The negotiations between Canada and the other IIHF members in 1975/76 were extremely tense. I will not go into details here. But sufficient to say that Canada was pretty aggressive in the negotations repeatedly using the Canada Cup as a stick to get its will. A compromise was reached but this compromise to which you refer only reflected the atmosphere at the time.

    With the Lake Placid Olympics and the Canada Cup in 1981 the climate became much warmer, and the only reason why there was no talk about Canada hosting the IHWC in the 1980s was that it had already been settled that Canada would host the 1988 Olympics. This, in effect, meant that Canada was lined up for hosting an IHWC.

    When Fasel became president of the IIHF in 1994, he repeatedly made his wish that Canada would host the World Championship--transatlantic relations have always been on top of his agenda--but it took a long time before Canada submitted a bid. My working hypothesis is that it was Fasel who talked Canada into submitting a bid for the 2008 IHWC that marked the 100 year anniversary of the IIHF -- the most prestigous IHWC in many, many years.
    Last edited by Karsten; 13-05-2009 at 00:49.

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    IHF Staff Jazz's Avatar
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    Quote Originally Posted by tux96 View Post
    Maybe also some Russians could comment on this. If Russians do not book a trip at a travel agency, it is a tedious procedure to get visa, which costs a few days. At least for common people. They guy from Vladivostok, which I met in Berne, surely did not go there by car.

    I think the main issue is that the NHL does not care about IHWC. It even took a long time until they finally agreed to pause for the Olympic Games.
    Minor clarification: I think the 1988 Winter Games in Calgary were the first ones that the IOC allowed national teams to use NHL Players (I may be wrong). Anyways, the point is that it was not like the NHL had since 1920 to think about Olympic participation. When Bettman took over the NHL Commissioner in Feb 1993, he tried to get the league owners to commit to the 1994 games in Norway, but was unsuccessful.

    Aside: The whole "amatuer" vs "professional" debate for World/Olympic competition (only instituted because Pierre de Coubertin and his group were elitists) has probably had negative effects on hockey's development worldwide over the 1900s (I would not be surprised if it affected other sports as well). I can't imagine that more cooperation between North America and Europe would have resulted in a more healthy international hockey scene.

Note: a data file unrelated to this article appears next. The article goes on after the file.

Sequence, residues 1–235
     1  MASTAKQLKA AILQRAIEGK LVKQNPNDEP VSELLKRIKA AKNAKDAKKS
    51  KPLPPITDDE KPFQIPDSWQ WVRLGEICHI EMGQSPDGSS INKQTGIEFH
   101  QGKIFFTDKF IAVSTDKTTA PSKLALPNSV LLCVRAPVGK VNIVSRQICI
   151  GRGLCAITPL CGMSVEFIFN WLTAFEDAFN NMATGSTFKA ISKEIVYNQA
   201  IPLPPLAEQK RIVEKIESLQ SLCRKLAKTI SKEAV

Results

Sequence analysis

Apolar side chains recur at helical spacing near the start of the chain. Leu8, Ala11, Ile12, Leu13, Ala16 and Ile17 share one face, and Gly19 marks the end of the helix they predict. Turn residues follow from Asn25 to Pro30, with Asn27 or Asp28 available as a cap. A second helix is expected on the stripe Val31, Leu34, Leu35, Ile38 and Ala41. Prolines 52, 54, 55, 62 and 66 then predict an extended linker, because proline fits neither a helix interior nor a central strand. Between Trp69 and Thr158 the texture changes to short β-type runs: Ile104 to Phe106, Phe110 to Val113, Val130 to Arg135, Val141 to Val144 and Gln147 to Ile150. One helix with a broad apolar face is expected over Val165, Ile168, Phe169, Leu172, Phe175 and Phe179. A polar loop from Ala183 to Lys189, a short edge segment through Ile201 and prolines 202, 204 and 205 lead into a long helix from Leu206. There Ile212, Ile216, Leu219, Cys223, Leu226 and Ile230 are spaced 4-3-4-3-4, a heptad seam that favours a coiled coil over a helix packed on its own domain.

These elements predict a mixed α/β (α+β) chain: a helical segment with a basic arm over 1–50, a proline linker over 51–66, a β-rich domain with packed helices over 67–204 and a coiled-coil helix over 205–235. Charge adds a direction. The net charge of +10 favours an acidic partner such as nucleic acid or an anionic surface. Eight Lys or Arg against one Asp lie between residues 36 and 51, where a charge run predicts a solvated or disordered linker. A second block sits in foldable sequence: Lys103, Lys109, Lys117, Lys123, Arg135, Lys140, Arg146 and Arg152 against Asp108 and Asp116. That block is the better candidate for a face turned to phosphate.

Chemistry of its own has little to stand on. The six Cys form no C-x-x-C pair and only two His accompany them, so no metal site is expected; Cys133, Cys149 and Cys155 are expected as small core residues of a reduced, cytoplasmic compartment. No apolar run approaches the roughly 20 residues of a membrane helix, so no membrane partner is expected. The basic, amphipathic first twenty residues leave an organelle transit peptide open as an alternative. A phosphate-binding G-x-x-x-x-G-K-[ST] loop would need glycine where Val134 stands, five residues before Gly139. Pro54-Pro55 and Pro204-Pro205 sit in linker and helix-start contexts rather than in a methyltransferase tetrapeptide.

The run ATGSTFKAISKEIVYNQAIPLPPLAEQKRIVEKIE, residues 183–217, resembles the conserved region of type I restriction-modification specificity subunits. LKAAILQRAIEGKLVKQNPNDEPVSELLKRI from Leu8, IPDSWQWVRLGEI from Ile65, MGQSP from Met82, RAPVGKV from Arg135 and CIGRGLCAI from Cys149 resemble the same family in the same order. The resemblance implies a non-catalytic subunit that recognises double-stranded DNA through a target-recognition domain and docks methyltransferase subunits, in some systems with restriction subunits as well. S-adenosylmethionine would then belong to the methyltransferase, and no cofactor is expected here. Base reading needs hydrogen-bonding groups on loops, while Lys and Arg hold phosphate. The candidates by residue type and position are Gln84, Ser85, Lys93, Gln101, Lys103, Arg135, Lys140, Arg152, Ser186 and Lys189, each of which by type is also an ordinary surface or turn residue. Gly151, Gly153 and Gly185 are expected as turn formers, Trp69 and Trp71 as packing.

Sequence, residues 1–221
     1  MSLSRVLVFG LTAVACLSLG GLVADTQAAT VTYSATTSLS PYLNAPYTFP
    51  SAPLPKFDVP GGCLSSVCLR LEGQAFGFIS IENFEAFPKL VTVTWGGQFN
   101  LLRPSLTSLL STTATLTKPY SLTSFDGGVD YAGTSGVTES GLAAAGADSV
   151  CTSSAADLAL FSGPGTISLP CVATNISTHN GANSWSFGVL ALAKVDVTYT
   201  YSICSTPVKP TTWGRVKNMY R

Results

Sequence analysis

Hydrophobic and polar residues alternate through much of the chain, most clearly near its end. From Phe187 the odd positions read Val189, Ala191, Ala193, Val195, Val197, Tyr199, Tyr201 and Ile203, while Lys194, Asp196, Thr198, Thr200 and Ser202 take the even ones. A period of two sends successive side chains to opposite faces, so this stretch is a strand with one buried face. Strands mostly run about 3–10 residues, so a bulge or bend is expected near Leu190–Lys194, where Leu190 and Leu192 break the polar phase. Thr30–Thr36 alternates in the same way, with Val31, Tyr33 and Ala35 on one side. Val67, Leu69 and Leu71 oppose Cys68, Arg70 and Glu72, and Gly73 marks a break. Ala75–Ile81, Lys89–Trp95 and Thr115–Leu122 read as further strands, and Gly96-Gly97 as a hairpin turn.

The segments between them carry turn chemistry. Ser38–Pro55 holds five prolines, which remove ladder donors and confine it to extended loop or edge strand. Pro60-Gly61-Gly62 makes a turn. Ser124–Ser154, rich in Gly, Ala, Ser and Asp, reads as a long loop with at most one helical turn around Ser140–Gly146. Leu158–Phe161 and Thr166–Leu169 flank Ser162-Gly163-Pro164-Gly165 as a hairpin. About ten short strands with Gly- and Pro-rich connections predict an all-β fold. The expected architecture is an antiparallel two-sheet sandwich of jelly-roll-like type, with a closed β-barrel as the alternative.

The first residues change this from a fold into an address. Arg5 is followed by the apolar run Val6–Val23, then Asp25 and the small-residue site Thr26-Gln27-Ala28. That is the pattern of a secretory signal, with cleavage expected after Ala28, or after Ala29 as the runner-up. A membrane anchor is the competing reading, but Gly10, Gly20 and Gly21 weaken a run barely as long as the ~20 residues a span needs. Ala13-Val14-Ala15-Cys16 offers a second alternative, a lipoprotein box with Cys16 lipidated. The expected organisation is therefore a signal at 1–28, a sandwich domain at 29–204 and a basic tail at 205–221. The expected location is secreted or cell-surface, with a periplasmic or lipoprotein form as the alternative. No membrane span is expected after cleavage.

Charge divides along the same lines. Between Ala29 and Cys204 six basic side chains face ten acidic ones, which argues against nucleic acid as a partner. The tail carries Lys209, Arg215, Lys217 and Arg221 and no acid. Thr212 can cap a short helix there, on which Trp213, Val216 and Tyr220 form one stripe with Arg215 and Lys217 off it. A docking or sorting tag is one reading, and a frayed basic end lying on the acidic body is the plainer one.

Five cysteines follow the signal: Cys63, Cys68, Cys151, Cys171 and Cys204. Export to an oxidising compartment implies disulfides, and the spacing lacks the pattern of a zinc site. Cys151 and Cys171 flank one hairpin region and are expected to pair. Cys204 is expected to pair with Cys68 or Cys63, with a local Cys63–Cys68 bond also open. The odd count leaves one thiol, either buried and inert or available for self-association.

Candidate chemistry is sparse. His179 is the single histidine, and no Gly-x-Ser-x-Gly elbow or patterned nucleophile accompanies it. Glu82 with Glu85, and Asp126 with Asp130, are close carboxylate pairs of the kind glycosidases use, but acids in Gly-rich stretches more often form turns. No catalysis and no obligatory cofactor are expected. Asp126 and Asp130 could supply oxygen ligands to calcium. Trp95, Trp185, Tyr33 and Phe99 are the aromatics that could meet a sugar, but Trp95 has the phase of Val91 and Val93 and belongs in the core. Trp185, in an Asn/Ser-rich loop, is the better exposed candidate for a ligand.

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    IHF Member Karsten's Avatar
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    Quote Originally Posted by Jazz View Post

    Aside: The whole "amatuer" vs "professional" debate for World/Olympic competition (only instituted because Pierre de Coubertin and his group were elitists) has probably had negative effects on hockey's development worldwide over the 1900s (I would not be surprised if it affected other sports as well). I can't imagine that more cooperation between North America and Europe would have resulted in a more healthy international hockey scene.
    Don't think so. Throuighout most of the period amateurism was ingrained in European sport. I'll give you an apt example: In the 1950s and early 60's, the very best Danish soccer players were signed by Italian clubs where they earned millions of dollars in today's money. Nothing prevented the Danish football federation (DBU) to use these players for the national team at the World Cup qualification and Nations Cup (European Championship). In the media, there was a lot of pressure to do this, but the DBU stubbornly refused. In their eyes, the Danish professional players were parias who had compromised the most noble aspect of being a sportsman: amateurism. It was only in the early 70s that this principle was reversed. Professionalism in Danish soccer was introduced in 1978.